The goal of NetCoupler is to estimate causal links between a set of -omic (e.g. metabolomics, lipidomics) or other high-dimensional data and an external variable, such as a disease outcome, an exposure, or both. The NetCoupler-algorithm, initially formulated during Clemens’ PhD thesis (Wittenbecher 2017), links a conditional dependency network with an external variable (i.e. an outcome or exposure) to identify network-independent associations between the network variables and the external variable, classified as direct effects.

A typical use case we have in mind would be if a researcher might be interested in exploring potential pathways that exist between a health exposure like red meat consumption, its impact on the metabolic profile, and the subsequent impact on an outcome like type 2 diabetes incidence. So for instance, you want to ask questions to get answers that look like the figure below.

The input for NetCoupler includes:

- Standardized metabolic or other high-dimensional data.
- Exposure or outcome data.
- Network estimating method (default is the PC algorithm (Colombo and Maathuis 2014) from the pcalg package).
- Modeling method (e.g. linear regression with
`lm()`

), including confounders to adjust for.

The final output is the modeling results along with the results from NetCoupler’s classification. Results can then be displayed as a joint network model in graphical format.

There are a few key assumptions to consider before using NetCoupler for your own research purposes.

- -omics data is the basis for the network. We haven’t tested this on non-omics datasets, so can’t guarantee it works as intended.
- The variables used for the metabolic network are numerical
- Metabolic data should have a theoretical network underlying it.
- Missing data are not used in any of the NetCoupler processes.

NetCoupler has several frameworks in mind:

- Works with magrittr
`%>%`

or base R`|>`

operator. - Works with tidyselect
helpers (e.g.
`starts_with()`

,`contains()`

). - Is auto-complete friendly (e.g. start function names with
`nc_`

). - Inputs and outputs of functions are tibbles/dataframes or tidygraph tibbles.
- Generic modeling approach by using model and settings as function
argument inputs.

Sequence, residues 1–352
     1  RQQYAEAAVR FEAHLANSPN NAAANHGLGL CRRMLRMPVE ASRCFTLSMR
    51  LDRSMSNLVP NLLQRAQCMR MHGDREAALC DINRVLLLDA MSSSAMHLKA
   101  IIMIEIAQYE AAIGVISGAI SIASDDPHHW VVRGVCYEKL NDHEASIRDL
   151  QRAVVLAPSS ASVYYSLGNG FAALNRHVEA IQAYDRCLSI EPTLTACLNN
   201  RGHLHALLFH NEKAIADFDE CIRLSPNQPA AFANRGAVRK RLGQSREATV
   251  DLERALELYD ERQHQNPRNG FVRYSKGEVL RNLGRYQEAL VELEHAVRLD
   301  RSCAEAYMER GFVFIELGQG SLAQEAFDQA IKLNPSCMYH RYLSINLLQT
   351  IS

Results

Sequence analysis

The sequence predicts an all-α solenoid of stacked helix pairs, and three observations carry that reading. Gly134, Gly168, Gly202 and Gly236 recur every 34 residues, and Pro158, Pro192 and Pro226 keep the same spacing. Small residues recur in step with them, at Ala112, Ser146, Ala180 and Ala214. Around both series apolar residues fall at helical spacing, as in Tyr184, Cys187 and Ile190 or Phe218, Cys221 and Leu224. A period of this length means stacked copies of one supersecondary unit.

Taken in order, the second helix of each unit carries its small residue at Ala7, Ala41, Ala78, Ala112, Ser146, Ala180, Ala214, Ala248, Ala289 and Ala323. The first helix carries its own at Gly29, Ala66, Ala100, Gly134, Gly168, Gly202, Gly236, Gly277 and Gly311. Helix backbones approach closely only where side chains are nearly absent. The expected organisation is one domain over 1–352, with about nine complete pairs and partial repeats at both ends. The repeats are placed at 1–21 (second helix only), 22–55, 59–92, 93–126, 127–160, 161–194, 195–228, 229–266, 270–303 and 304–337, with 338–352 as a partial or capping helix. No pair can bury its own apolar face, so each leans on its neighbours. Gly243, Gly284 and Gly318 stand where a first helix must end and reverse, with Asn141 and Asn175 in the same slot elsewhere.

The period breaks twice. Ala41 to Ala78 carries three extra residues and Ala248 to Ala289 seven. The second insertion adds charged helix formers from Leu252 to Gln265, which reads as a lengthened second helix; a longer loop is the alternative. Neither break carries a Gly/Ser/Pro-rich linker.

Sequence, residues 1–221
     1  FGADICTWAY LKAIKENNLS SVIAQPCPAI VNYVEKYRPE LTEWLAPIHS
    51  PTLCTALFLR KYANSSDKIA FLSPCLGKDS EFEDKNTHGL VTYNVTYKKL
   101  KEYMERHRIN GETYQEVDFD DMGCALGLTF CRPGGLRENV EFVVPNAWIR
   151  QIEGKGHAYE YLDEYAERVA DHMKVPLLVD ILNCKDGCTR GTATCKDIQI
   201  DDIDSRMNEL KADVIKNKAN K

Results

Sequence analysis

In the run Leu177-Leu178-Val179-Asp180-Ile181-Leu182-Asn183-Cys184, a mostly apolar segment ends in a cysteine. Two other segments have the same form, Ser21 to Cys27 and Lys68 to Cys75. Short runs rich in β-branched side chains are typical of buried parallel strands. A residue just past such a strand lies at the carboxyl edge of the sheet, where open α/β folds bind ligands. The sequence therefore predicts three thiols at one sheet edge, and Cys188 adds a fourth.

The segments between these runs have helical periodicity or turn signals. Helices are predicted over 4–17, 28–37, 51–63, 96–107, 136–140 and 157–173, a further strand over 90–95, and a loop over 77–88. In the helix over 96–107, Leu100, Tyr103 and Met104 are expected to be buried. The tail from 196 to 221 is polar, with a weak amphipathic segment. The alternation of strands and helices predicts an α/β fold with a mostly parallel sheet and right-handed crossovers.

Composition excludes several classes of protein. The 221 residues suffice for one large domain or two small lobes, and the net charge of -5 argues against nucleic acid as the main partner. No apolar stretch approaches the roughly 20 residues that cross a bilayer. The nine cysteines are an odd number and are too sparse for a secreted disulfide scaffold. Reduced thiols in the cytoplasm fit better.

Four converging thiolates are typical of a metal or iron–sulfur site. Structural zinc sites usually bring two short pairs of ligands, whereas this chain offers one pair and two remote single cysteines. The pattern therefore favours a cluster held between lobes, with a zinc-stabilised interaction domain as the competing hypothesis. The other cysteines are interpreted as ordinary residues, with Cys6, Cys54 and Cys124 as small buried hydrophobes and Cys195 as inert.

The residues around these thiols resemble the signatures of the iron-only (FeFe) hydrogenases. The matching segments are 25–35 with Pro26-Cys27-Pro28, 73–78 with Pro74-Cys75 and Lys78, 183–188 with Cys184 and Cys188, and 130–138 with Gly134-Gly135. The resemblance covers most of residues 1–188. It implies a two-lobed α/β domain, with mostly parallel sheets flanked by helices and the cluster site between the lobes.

- This allows flexibility with what model can be used (e.g. linear regression, cox models).
- Almost all functionality of modeling in R is available here, for instance handling of missing data or of categorical variables.

The general workflow for using NetCoupler revolves around several main functions, listed below as well as visualized in the figure below:

`nc_standardize()`

: The algorithm in general, but especially the network estimation method, is sensitive to the values and distribution of the variables. Scaling the variables by standardizing, mean-centering, and natural log transforming them are important to obtaining more accurate estimations.`nc_estimate_network()`

: Estimate the connections between metabolic variables as a undirected graph based on dependencies between variables. This network is used to identify metabolic variables that are connected to each other as neighbours.- We plan on implementing other network estimators aside from the PC-algorithm at some point in the future.

`nc_estimate_exposure_links()`

and`nc_estimate_outcome_links()`

: Uses the standardized data and the estimated network to classify the conditionally independent relationship between each metabolic variable and an external variable (e.g. an outcome or an exposure) as either being a direct, ambiguous, or no effect relationship.- Setting the threshold for classifying effects as direct, ambigious,
or none is done through the argument
`classify_option_list`

. See the help documentation of the estimating functions for more details. For larger datasets, with more sample size and variables included in the network, we*strongly*recommend lowering the threshold used to reduce the risk of false positives.

- Setting the threshold for classifying effects as direct, ambigious,
or none is done through the argument
`nc_join_links()`

:**Not implemented yet.**Join together the exposure- and outcome-side estimated links.`nc_plot_network()`

:**Not implemented yet.**Visualize the connections estimated from`nc_estimate_network()`

.`nc_plot_links()`

:**Not implemented yet.**Plots the output results from either`nc_estimate_exposure_links()`

,`nc_estimate_outcome_links()`

, or`nc_join_links()`

.